How to be a Successful Bid Writer

successful bid writing

In this blog post we take a look at what makes a bid writer successful, and the key skills and attributes that are necessary for the job.

Within a firm, a bid writer can come in many guises: the sales and marketing team, business development manager, contracts manager or even the managing director. A lot of people complete bids alongside their day job, or it might be that a number of different members of staff are involved in the bid and tender process, and responsibility is shared out. Being a bid writer is a complex job that requires a specific skill set, in order to have a high success rate and secure contracts for your company.

Attention to detail

Whether it is trawling through a 30-page tender specification, spotting a key phrase or instruction, or completing a data section of a PQQ, attention to detail is a key trait when you are writing a bid. The bidding process is heavily compliance-driven, and a small mistake in a bid can be the difference between a pass and a fail.

A key part of bid writing is:

  • Reviewing and continuously checking both your submission and the specification and ensuring that the two are consistent.

It is common for companies to make the mistake of copying and pasting narrative in tender submissions because they have bid into the same authority previously or have written a couple of high scoring tenders. It is important always to pay attention to the specification and evaluation criteria of your individual PQQ or tender and make sure your response is tailored accordingly and, ultimately, that it answers the question. Otherwise, unfortunately, you will lose marks for a generic bid.

Organise your bid team (or yourself)

If you do not have a bid team, the same still applies — make sure you are organised! PQQs and tenders are always time-sensitive, and typically have a 3–4 week turnaround time. From the moment you identify the opportunity and decide that you are going to bid for it, you need to put timescales and mini deadlines in place so that your bid stays on track and progress is monitored. A successful bid is unlikely to be rushed and left to the last minute — we understand in reality that this is sometimes the case due to circumstances, but it is important to plan and schedule your bid writing as much as possible.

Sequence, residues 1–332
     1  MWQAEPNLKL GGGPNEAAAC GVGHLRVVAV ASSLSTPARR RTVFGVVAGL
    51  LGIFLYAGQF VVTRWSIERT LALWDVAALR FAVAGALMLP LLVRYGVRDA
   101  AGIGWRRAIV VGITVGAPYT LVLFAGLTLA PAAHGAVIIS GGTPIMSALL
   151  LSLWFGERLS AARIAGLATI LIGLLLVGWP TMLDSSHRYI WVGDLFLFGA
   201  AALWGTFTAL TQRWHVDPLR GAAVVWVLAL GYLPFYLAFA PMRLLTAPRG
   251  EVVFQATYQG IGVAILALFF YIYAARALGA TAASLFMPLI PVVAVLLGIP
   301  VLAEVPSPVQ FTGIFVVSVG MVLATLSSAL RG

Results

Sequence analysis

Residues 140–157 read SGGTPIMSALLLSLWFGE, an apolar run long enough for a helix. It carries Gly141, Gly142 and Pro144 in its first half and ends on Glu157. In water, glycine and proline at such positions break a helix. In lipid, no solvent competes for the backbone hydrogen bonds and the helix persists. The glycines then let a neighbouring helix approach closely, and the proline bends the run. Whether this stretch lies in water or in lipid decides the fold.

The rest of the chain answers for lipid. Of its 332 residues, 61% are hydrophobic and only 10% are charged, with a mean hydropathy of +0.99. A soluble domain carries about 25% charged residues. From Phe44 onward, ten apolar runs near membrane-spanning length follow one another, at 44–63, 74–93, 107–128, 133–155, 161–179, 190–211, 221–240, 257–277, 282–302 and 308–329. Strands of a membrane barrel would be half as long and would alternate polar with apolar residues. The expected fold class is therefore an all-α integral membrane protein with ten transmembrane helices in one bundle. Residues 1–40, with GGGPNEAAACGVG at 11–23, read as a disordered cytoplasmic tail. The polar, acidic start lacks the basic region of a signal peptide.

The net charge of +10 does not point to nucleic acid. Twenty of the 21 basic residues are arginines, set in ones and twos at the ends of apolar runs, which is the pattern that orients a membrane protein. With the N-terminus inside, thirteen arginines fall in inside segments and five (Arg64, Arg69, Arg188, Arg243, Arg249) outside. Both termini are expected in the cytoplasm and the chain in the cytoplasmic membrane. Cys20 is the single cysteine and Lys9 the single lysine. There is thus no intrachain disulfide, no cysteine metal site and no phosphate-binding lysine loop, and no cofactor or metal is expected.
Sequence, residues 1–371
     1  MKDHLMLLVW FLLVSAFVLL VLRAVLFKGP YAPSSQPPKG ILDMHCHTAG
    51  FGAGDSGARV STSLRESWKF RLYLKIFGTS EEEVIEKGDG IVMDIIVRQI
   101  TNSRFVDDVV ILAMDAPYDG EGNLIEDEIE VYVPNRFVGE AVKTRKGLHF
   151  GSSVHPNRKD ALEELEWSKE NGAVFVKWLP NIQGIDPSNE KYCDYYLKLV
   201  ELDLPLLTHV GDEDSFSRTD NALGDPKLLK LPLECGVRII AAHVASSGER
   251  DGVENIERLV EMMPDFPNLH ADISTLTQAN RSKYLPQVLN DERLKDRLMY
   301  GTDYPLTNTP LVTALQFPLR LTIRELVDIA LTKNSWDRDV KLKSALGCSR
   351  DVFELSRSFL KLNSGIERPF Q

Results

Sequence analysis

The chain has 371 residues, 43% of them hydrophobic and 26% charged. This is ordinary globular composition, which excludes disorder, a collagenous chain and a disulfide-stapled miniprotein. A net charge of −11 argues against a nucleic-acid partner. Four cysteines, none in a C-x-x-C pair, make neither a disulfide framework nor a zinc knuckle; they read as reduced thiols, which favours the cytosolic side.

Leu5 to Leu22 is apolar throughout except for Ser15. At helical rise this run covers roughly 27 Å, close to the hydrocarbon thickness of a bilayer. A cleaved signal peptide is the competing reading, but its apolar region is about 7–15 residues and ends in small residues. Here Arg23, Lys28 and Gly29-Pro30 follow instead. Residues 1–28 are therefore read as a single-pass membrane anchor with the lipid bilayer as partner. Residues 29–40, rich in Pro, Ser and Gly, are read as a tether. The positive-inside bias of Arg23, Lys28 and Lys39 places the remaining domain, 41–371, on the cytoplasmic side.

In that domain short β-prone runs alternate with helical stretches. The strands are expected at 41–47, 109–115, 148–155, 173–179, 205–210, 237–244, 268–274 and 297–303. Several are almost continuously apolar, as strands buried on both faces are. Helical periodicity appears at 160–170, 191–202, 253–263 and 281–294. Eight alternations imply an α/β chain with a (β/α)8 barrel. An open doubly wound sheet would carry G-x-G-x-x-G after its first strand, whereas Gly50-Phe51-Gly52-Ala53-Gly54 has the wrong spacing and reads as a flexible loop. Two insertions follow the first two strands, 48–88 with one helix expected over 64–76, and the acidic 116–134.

A bid writer needs to take into account not only the actual writing of the PQQ or tender submission, but reading all the documentation, writing plans that include any relevant win themes, pricing schedules, reviewing, proof reading, and actually uploading and submitting the bid. If it is a particularly large tender, admin tasks can be time consuming and it is vital to factor in time to complete this, otherwise you risk submitting a non-compliant bid and possibly failing.

E Tendering

Powers of persuasion

When writing a bid, your goal is to persuade the contracting authority that you are the right company to deliver the contract, at the right price. So, how is this achieved? You need to use persuasive language to showcase your firm’s strengths, capabilities and innovations. If there are word or character limits outlined, ensure you make full use of them and include as much information as you feel is necessary to put forward your point. Your narrative then needs to be backed up by evidence: statistics, case studies and relevant examples are all good ways to quantify your narrative and strengthen your tender.

Evaluate your own bid submission

Schedule in time after the writing process to review your work and evaluate whether there are any weaknesses or areas for improvement in your submission. If possible, it is a good idea to look at your main competitors and try to gauge what they might have included in their submission — are there any particular strengths or capabilities that are known in the market? If so, then make sure to cover these areas so that you don’t lose marks.

Put yourself into the evaluator’s shoes. Would you really award a contract (possibly worth millions) to a company who hadn’t fully persuaded you that they carry minimal risk and can deliver the service to a high standard? The answer is no, you wouldn’t! So make sure that you instil confidence in the buyer that your company is the best for the job.

Bid Writing Tips

For more advice, see our tender writing tips video below:

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